Photo by: Brenden Cowan
Spoiler warning: contains spoilers for Puss In Boots: The Last Wish.
If you had told me a year ago that the Puss in Boots sequel would be one of the best animated films of 2022 I would not have believed you, but here we are.
The Last Wish follows Puss in Boots (Antonio Banderas) as he begins his ninth and final life. No longer having lives to throw away, he loses the confidence he had as an adventurer, only coming out of retirement to try to claim the Wishing Star and regain his lost lives.
While the ending to this plot is fairly predictable — nearly every wish-based story revolves around the fact that the wish is not necessary for the protagonist to achieve their goals — the route the movie takes to get there is fun and keeps the plot engaging. It also helps that Puss’ character arc is pretty uncommon in children’s films, especially for a protagonist. The Last Wish does a good job of making it believable while also not too complicated so younger viewers can follow along.
Additionally, the simple plot works better than expected thanks to the film’s strong characters. Puss starts as a self-absorbed thrill-seeker, and while his latest brush with death has humbled him, he maintains enough bravado to prevent him from feeling too mopey.
Puss is followed by Perrito (Harvey Guillén), a stray puppy with dreams of becoming a therapy dog, who offsets Puss’ sly charm with a straightforward optimism. Initially his non-stop positivity is a little corny, but Perrito’s earnestness provides a welcome counterbalance to Puss’ distrustful nature. They are later joined by Kitty Softpaws (Salma Hayek), who provides a look into Puss’ past both through their shared history and her similarities to Puss’ more confident self.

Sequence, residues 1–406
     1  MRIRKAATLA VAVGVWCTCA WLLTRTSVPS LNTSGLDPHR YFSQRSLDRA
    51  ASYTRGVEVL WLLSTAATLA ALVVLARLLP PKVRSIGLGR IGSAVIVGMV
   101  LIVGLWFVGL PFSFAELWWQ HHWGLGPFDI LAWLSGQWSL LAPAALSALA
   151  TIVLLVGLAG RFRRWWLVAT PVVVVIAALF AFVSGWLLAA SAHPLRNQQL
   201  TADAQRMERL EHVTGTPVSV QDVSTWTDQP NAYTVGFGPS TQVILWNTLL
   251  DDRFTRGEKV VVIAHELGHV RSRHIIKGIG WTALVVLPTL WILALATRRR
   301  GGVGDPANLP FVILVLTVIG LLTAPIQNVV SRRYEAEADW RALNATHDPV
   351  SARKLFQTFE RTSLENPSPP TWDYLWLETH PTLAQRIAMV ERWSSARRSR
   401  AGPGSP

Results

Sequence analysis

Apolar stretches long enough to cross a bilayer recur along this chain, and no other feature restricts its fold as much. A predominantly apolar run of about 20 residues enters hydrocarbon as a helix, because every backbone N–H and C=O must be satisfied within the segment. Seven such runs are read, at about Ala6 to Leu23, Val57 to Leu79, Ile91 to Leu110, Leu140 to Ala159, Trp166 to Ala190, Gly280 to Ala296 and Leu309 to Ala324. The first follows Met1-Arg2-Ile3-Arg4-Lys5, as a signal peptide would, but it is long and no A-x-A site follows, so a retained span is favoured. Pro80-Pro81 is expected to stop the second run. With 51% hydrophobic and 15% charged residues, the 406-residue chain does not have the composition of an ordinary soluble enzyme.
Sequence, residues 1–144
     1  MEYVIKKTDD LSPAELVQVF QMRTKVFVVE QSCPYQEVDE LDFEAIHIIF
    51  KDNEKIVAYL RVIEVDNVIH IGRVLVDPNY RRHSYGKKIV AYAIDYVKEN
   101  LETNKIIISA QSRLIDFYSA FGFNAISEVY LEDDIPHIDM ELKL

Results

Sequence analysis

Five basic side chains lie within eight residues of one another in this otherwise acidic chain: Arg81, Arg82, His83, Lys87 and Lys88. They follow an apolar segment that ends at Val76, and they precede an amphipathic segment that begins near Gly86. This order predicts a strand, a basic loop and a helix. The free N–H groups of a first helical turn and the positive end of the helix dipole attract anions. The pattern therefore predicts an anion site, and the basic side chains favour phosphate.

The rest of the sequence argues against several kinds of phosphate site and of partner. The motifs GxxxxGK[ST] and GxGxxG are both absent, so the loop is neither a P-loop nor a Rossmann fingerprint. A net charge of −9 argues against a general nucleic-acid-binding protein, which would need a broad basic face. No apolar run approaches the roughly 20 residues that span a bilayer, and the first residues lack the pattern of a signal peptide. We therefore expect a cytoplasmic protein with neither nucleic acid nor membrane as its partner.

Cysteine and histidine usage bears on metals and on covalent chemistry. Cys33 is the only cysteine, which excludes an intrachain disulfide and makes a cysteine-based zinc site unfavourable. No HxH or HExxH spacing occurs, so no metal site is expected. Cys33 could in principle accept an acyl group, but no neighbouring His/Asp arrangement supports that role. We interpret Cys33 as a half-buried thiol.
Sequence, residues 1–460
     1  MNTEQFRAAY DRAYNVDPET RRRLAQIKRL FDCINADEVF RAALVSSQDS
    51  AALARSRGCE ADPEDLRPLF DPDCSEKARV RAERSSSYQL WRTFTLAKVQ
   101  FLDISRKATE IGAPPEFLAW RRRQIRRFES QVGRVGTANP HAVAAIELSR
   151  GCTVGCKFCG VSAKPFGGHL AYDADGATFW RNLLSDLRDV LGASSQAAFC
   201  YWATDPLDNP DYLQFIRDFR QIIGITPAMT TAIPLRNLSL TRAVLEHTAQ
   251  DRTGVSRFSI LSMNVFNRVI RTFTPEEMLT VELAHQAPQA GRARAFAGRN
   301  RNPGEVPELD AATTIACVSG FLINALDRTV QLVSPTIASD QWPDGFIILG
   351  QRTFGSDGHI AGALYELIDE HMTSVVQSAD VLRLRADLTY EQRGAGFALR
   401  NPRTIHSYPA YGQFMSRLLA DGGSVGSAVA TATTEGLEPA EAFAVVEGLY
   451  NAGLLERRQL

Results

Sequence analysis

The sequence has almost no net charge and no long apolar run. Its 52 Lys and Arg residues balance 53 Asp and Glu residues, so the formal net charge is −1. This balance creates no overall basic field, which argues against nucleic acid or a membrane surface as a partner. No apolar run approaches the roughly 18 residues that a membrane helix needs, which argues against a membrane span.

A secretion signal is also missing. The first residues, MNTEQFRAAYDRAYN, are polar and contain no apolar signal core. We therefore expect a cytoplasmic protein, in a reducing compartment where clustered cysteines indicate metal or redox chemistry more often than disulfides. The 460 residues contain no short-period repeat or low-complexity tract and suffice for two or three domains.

Being a spin-off of the Shrek franchise, The Last Wish has big boots to fill in terms of comedy. It fills them quite comfortably though, delivering on Shrek’s brand of adult-oriented PG-comedy. Puss and the other characters all have their moments, but surprisingly Perrito is consistently the funniest, especially when he repeats rude things he’s heard thinking they’re nice.
One thing that stood out when the movie was first revealed was the animation. The characters are more stylized and less “realistic” than the previous Puss in Boots movie — this is most noticeable when comparing Puss’ fur between the two films — and the fight scenes have a lower frame rate akin to Sony Animation’s Into the Spider-Verse. Both of these changes make the movie look great, making it feel more like a storybook illustration, though the transition in animation between the fight scenes and the regular scenes can be a little jarring at first.
Speaking of the fight scenes, the movie has a lot of fun action to see. Puss’ short stature and the various magical setpieces combine to fill these fights with innovative stunts. Some stunts, such as Puss’ cartwheel spin, are taken from the first movie, though with the new animation style they look much better now than they did in 2011.
Though the plot ends predictably, The Last Wish manages to make the journey to that ending lively and entertaining. It’s a charming animated adventure, and is the best thing to come out of the Shrek franchise since Shrek 2.